A big day today - like the pilgrims of past we were excited to be making the final step to the Macchu Pichu itself. In an effort to worry us at 3.30am there was a large downpour which I listened to wondering if we were to be spending the day in a Welsh-like cloud with visibility down to half an arms length but by the time we were roused at 4.15am the rain had come to an uneasy truce and settled for just damp cloud. None the less we packed everything into dry bags and made sure our waterproofs were to hand just in case watery hostilities broke out again. Our porters were anxious to get packing up quickly as they had to race down to catch their bus or else face paying tourist rates so there was more urgency than normal. I'd like to blame this when I put my bag on the pile only to watch it roll off, over the edge of the ledge and onto the roof of the mess tent below. Cue a couple of minutes of frantic scrambling by all porters in earshot to retrieve the errant bag.

With breakfast done we congregated at the building before walking down to the gate, which did not open for a few minutes. Noticing that Russell and Carl were in full head to toe waterproofs despite the current lack of rain I couldn't help but tease them as we strolled off 'Are you hot yet?'. Luckily the egg didn't land on my face and it stayed dry and after some furious sweating they conceded and took the layers off. The trail was slick but an easy gradient and as the sun came up we could feel it trying to penetrate the mist that was hanging over the trees. With torches away we continued until we came to a sharp set of steps which led up to the Sun gate, in theory a great vantage point to get an overview of the Macchu Pichu complex but it was still cloudy. We waited for a while along with a crowd but were only rewarded with teasing glimpses. We felt we had invested enough time and so started the gentle walk down into the complex itself. Along the way the cloud started to lift giving us progressively more impressive views and it struck us just how huge it was.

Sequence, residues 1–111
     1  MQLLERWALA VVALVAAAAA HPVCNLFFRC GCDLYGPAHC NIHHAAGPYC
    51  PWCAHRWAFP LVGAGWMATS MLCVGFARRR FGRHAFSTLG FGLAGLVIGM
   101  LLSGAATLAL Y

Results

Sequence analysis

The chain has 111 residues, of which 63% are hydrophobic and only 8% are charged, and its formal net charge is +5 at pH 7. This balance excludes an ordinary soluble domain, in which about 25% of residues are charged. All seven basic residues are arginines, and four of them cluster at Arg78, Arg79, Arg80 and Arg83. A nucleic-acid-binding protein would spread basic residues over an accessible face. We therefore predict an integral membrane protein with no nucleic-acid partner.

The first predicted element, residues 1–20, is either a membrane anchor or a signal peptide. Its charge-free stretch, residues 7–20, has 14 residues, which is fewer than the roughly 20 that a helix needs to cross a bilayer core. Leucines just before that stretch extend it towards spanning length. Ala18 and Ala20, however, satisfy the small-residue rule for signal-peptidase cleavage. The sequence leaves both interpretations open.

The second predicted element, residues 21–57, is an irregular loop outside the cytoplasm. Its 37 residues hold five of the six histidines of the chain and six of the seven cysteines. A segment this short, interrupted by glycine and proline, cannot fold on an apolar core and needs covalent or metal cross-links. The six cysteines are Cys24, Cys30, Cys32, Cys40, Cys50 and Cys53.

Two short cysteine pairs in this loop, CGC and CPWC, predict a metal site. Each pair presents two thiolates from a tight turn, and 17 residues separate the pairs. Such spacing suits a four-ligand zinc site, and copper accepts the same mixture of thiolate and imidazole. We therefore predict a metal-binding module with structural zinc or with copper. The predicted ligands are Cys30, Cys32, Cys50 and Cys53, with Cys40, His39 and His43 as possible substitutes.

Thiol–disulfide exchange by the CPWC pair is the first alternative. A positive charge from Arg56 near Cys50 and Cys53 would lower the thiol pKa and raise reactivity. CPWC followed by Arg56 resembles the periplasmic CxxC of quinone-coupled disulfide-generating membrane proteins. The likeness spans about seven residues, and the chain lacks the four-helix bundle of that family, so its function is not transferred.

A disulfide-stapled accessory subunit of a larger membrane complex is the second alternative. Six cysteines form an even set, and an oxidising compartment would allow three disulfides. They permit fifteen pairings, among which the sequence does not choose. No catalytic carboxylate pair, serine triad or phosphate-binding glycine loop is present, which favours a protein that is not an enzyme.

We entered Macchu Pichu from above and stopped by a great viewing platform for photos, group hugs and general back slapping. By now the cloud had lifted from the ruins but still clung to the peak just behind. Still it was nice to be in warm sunshine soaking up the view. Carl was hoping to get the perfect 'money shot' with the peak also in full view but despite waiting for a while this didn't materialise from the mist. Walking down to the main gate we stopped by the toilets which were so nice compared to the last few days I even took a photo. We saw an irate oriental lass with her boyfriend being told that they needed a ticket to get in. I had some sympathy for them as they didn't sell tickets at the gate, only at the bottom of the hill thus requiring a long round trip and so missing out on precious time.

Our guide proceeded to show off his knowledge once again with a two hour tour around the ruins and it was to his credit that despite the intense heat he still kept our focus until the end. The site was 'discovered' by westerners in 1911 when a few locals who were already living in part of it showed them where is was. The locals had been using the terraces to grow crops since 1901 but did not declare them to avoid taxes and had been selling some of the artifacts. The initial photos show a site which had suffered a lot of damage and was largely overgrown but obviously something astonishing was waiting to be patiently reclaimed. Over the entire area there were at least 18 distinct types of construction used, the more refined for buildings of more significance and the more rough and ready for those of a more mundane nature.